Robert J. Mislevy

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Probability-based inference in complex networks of interdependent variables is an active topic in statistical research, spurred by such diverse applications as forecasting, pedigree analysis, troubleshooting, and medical diagnosis. This paper concerns the role of Bayesian inference networks for updating student models in intelligent tutoring systems (ITSs).(More)
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As observations and student models become complex, educational assessments that exploit advances in technology and cognitive psychology can outstrip familiar testing models and analytic methods. Within the Portal conceptual framework for assessment design, Bayesian inference networks (BINs) record beliefs about students’ knowledge and skills, in light of(More)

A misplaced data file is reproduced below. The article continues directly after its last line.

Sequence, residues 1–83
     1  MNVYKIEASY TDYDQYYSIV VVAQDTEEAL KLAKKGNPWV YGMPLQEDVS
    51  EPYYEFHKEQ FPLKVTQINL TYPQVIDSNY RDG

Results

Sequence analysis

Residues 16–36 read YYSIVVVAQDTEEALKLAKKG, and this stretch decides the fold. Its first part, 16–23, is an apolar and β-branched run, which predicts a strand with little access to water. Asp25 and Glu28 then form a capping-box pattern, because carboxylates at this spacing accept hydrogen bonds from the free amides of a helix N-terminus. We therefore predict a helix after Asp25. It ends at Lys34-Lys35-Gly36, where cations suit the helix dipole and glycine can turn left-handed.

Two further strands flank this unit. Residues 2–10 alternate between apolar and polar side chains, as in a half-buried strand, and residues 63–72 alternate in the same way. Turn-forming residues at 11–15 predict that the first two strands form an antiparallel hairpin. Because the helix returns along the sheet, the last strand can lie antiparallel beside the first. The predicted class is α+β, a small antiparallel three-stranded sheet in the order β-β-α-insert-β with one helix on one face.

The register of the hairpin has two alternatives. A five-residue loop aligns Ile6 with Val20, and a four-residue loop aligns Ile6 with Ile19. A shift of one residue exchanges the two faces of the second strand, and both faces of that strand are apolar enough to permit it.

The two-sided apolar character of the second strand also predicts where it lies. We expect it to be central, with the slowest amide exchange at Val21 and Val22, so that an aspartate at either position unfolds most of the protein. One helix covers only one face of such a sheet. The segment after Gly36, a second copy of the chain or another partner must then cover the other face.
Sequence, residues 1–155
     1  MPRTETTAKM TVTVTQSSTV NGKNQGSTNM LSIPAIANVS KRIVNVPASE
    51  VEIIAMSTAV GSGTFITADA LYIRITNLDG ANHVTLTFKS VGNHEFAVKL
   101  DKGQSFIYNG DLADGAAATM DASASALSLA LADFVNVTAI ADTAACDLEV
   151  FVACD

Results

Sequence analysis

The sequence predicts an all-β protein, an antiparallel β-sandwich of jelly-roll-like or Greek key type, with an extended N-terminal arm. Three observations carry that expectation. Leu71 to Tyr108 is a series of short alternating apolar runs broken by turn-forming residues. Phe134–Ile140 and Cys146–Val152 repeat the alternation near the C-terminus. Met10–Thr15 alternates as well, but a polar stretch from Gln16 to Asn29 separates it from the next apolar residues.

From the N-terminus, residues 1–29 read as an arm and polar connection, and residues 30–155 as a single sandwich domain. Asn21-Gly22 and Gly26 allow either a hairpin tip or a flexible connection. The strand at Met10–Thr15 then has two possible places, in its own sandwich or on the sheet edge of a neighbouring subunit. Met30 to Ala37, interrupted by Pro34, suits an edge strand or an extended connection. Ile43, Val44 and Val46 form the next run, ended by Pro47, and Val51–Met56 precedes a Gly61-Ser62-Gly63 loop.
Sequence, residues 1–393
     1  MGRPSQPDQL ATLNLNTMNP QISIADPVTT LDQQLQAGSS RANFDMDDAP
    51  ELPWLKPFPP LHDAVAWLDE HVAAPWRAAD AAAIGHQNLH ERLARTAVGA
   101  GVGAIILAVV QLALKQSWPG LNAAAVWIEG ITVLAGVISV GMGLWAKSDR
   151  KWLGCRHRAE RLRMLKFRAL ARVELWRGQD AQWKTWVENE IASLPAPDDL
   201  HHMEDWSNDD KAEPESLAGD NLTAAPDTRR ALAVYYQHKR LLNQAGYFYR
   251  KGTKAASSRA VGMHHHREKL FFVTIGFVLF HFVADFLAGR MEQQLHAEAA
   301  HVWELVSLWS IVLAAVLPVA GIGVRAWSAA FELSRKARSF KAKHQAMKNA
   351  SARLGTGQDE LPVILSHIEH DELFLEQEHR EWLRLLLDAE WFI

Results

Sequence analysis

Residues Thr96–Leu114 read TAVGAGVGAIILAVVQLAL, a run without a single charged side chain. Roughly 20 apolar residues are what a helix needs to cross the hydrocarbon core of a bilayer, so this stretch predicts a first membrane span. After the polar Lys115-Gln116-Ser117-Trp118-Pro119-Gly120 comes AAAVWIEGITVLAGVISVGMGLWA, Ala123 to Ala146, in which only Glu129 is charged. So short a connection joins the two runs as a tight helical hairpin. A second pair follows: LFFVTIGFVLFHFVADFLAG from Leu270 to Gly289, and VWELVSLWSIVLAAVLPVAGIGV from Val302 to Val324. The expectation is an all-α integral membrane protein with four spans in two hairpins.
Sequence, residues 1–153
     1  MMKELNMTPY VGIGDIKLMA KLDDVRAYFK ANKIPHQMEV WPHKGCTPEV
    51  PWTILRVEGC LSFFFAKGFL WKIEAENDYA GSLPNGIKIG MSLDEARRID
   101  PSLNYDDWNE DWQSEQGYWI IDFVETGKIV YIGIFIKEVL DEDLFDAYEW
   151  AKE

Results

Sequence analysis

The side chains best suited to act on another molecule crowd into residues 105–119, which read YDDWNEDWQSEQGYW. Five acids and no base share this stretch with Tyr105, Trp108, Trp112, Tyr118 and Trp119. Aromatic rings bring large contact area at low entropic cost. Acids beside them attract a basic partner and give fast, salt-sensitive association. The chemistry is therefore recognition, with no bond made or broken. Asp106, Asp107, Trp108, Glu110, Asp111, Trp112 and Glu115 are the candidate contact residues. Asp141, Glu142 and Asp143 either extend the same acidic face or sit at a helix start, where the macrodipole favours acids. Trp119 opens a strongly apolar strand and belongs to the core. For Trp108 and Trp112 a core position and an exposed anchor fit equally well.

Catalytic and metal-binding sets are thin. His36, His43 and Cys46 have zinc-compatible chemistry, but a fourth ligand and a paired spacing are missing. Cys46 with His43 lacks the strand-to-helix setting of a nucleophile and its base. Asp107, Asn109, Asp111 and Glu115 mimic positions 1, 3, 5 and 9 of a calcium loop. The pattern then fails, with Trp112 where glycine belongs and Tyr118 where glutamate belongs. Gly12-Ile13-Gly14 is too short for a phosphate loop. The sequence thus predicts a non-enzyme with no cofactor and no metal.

Title of dissertation: POSTERIOR PREDICTIVE MODEL CHECKING FOR MULTIDIMENSIONALITY IN ITEM RESPONSE THEORY AND BAYESIAN NETWORKS Roy Levy, Doctor of Philosophy, 2006 Dissertation directed by: Professor Robert J. Mislevy Department of Measurement, Statistics & Evaluation If data exhibit a dimensional structure more complex than what is assumed, key(More)
Simulation environments make it possible for science and engineering students to learn to interact with complex systems. Putting these capabilities to effective use for learning and assessing learning requires more than a simulation environment alone. It requires a conceptual framework for the knowledge, skills, and ways of thinking that are meant to be(More)
A central challenge in using learning progressions (LPs) in practice is modeling the relationships that link student performance on assessment tasks to students’ levels on the LP. On the one hand, there is a progression of theoretically defined levels, each defined by a configuration of knowledge, skills, and/or abilities (KSAs). On the other hand, there(More)